Berkeley, California


Of the many neoclassical buildings that architect John Galen Howard designed for the University of California, Berkeley, in the early twentieth century, California Memorial Stadium was perhaps the most breathtaking and the most imperiled: from its perch at the base of the Berkeley foothills, the concrete structure—part coliseum, part amphitheater dug into the hillside—offered 73,000 Golden Bears fans sweeping views of San Francisco Bay to the west, but on a site straddling the Hayward Fault.

After the University of California's Board of Regents mandated a much-needed seismic revamp in 2005, the university enlisted HNTB Architecture and STUDIOS Architecture to overhaul the 1923 structure, which is listed on the National Register of Historic Places. It was a tall order: designers needed to make the stadium safe and boost square footage by 50 percent. However, they were not permitted to interfere with the historic board-formed-concrete facade. In other words, the university wanted an entirely new building, but without altering the original.

The architects found the solution to this Zen koan of a design brief in the site's slope, much as Howard had 90 years ago. Beginning construction in 2010, they hid a 145,000-square-foot athletic training center largely underground, disguising it behind a series of concentric retaining walls made out of volcanic rock, limestone, and concrete. They demolished the western two-thirds of the old structure—everything but the portion built into the hillside and the facade—and inserted a new eight-story building, including three donor clubhouses, into the original footprint. With the help of Forell/Elsesser Engineers, the team designed the poured-in-place concrete structure (with precast seating platforms in the bowl) in two halves along the fault line, which traces a roughly north-south diagonal from one end zone to the other. For the parts of the bowl directly over the fault, the engineers conceived a pair of wedge-shaped seating sections that can slide up to six feet horizontally and two feet vertically during a powerful quake [see RECORD, January 2009, page 112]. Like a heist in broad daylight, the stadium's dismantling and replacement is the kind of switcheroo that a casual observer could easily miss. “One question you hear from people who were here before is, 'What did you do?' ” recounts Joseph Diesko, HNTB's director of sport architecture. “They say, 'It looks like the same place.' ”

The biggest difference for fans? They now have a place to congregate before and after games: By tucking the training center into the front of the hillside site, the architects created an acre-and-a-half plaza at the stadium's base, where a scruffy parking lot once brought cars right up to the historic facade. The architects also wanted the stadium to feel like the extroverted building of Howard's day. Unlike most football arenas, which direct all eyes to the field, “this one was built to look outward,” says Berkeley assistant athletic director Bob Milano Jr., pointing to the arched windows that frame views of the campus and the bay. In the old stadium, decades of ad-hoc additions had cluttered the corridors and blocked windows; in the new one, every vomitory (the path from the stands to the concourse) offers a view through an arch. “We were trying not only to reinforce the historic architecture, but the historic experience,” says Milano.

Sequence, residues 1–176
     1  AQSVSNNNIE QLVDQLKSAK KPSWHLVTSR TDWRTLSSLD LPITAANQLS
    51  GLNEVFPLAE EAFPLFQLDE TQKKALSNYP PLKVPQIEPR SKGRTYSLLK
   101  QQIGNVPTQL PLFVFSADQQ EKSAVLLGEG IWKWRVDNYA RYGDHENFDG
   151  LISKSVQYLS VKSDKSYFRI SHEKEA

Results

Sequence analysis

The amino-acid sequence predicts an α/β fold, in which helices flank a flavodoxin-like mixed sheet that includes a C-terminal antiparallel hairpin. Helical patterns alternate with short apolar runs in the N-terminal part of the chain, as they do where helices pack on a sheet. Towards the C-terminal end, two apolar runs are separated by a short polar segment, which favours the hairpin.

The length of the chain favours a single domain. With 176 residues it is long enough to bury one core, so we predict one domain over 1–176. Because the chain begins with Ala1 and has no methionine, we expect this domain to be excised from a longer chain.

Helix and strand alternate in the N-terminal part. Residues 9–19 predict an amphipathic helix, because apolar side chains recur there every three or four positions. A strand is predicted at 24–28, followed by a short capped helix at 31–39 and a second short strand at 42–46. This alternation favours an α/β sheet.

The west side of the seating bowl does have one modern-looking addition: a two-story glass-and-steel canopy housing the press box on the lower level and a donor club on top. Because it was important to the architects to honor the stadium's original profile by putting some air between the old and new elements, they housed the press box inside a steel box truss. It is largely supported by two concrete elevator cores instead of a sea of columns. “That makes it appear to float,” says Gregory Baker, HNTB associate vice president.

This arrangement has seismic advantages too. The engineers designed the elevator cores as a separate structure that passes through the stadium. The cores displaced seats (as did other aspects of the modernization, including complying with accessibility requirements), bringing capacity down by 10,000 to approximately 63,000. But the tradeoff was necessary for safety. In an earthquake, the canopy will sway at its own rate, independently of the bowl's motion.